Today’s golf pros, at least those from America, are overwhelmingly likely to have matriculated in country club
Al "Bessie" Besselink
Al "Bessie" Besselink
settings with personal trainers, swings instructors, agents, and endless formal competitive opportunities. Most of them played on highly regimented college golf teams, which reinforced behavioral conformity.  As a result they tend to look alike, dress alike, swing pretty much alike, conduct themselves similarly on the course, and, most aggravating, answer media questions in the same monotonous, careful, impersonal way. This, however, is not entirely their fault given the inane questions golf announcers usually ask: how do you feel about winning? Shockingly, winners usually feel good about winning. Heavy! What is most grating is when a player near the top of the leader board is asked to go over his round and responds by recounting nearly every hole, after we’ve watched most of the shots on TV.

Some current pros try to be different, like Rickie Fowler with his trendy bright colors and flat-brimmed hats, but they learn not to cross the line of what is acceptable to the golf establishment. Fowler himself learned this lesson when he was admonished for coming to his first Augusta interview with his hat turned back—the nerve of that young man! Others come to the tour with unique swing mannerisms, which, if they slow play, are certain to draw ridicule from golf announcers and officials. I had no problem with Sergio Garcia’s waggles, Kevin Na’s reluctance to pull the trigger, or Andrew Loupe’s multiple practice swings, but the golf aficionados sure did.   Expect to see Loupe follow the paths of Garcia and Na and stifle his unique habit.

I’m sorry, but I guess I’m old golf school. I was attracted to the quirkiness, frankness, humor, occasional indiscretions, and raw displays of emotions of yesterday’s golf professionals. Who was more colorful and entertaining than Terrible-Tempered Tommy Bolt? If a golfer today were to toss a club, it would become national news and probably bring a suspension. Bolt once threw his whole bag in a lake.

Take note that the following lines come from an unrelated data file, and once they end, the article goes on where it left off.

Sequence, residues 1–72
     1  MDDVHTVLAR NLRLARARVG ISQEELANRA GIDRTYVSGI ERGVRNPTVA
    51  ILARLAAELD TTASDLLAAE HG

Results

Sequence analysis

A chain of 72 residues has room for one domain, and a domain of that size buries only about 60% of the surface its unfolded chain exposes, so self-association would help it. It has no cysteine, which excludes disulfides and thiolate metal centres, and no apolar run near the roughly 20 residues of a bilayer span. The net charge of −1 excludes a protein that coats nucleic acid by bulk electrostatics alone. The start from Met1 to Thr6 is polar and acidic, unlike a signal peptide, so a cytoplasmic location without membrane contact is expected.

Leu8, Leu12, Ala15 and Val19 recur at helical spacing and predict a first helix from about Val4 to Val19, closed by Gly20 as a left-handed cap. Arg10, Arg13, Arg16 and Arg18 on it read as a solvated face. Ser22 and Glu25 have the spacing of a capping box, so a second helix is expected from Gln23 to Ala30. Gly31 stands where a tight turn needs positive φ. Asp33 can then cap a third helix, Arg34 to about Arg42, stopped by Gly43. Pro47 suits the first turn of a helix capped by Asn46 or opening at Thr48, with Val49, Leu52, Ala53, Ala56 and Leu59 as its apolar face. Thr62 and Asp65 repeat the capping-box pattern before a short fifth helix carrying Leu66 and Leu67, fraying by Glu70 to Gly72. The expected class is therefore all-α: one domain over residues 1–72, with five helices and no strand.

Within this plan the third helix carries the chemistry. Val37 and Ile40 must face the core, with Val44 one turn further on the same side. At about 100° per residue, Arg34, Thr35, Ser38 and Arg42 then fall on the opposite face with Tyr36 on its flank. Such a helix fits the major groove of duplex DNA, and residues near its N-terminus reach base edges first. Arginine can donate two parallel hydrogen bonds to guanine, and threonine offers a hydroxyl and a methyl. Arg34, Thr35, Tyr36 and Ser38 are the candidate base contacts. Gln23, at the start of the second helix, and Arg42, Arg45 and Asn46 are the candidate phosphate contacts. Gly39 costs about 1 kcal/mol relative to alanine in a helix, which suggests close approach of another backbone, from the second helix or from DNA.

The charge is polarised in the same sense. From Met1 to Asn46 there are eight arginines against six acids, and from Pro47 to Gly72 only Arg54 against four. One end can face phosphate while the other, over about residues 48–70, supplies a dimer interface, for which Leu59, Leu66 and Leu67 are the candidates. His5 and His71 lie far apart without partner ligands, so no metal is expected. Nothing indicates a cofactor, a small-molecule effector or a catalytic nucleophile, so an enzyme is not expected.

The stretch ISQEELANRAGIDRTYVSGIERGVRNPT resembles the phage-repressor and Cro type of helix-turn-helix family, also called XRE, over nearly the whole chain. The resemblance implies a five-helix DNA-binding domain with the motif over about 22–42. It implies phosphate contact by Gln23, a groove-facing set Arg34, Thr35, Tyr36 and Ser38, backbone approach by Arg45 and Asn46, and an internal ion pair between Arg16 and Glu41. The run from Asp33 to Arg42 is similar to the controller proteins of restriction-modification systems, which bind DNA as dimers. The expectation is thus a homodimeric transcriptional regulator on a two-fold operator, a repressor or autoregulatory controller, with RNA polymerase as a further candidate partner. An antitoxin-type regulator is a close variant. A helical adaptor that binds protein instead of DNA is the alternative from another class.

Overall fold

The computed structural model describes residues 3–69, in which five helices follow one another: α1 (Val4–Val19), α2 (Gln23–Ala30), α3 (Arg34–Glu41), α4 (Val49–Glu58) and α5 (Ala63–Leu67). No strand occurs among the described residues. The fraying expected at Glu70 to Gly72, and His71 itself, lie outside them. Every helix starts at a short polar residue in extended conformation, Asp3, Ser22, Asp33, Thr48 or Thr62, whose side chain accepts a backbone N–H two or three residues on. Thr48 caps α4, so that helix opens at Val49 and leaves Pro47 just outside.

A sampling of his famous utterances captures the essence of “Thunder Bolt” as well as the entertaining era in which he played. Bolt once told budding star, Arnold Palmer: “Always throw clubs ahead of you. That way you won’t waste any energy going back to pick them up.”  He was later to admit: “It thrills crowds to see a guy suffer. That’s why I threw clubs

Tommy "Thunder" Bolt
Tommy "Thunder" Bolt
so often. They love to see golf get the better of someone … At first I threw clubs because I was angry. After a while it became showmanship, plain and simple. I learned that if you helicopter those dudes by throwing them sideways instead of overhand, the shaft wouldn’t break as easy. It’s an art, it really is.” I adored Tommy Bolt; rest his soul.

Showing emotion on the course nowadays? Billy Horschel quickly found out this was not something to do in front of the ever watchful camera and judgmental golf announcers. So did Pat Perez. Being irreverent? Not acceptable, as Patrick Reed found when he had the audacity to declare himself one of the top five golfers in the world. Earlier even Tiger Woods was lambasted when he said he had won without his “A game.” I find such brashness honest and refreshing, far better than the expected: “I feel very fortunate to have won again. All I can do is keep working to get better.” Snooze!

Advertiser Dorfman says golf’s core audience wants respectful golfers with squeaky-clean images. This isn’t surprising. Most golf consumers—those who play, watch, attend and buy golf products–are white, middle class males partial to conservative politics. They want their golf stars to share their conservative values. Players are expected to show patriotism, which nowadays is often demonstrated by displaying the stars and stripes, shaking hands with soldiers in uniform, and joining in the chanting of USA, USA! Such “patriotism” is more symbolic than substantive, but it appears to satisfy the core golf audience. The few players that stray from the conservative line are likely to hear about it, from fans as well as purveyors of product endorsement contracts.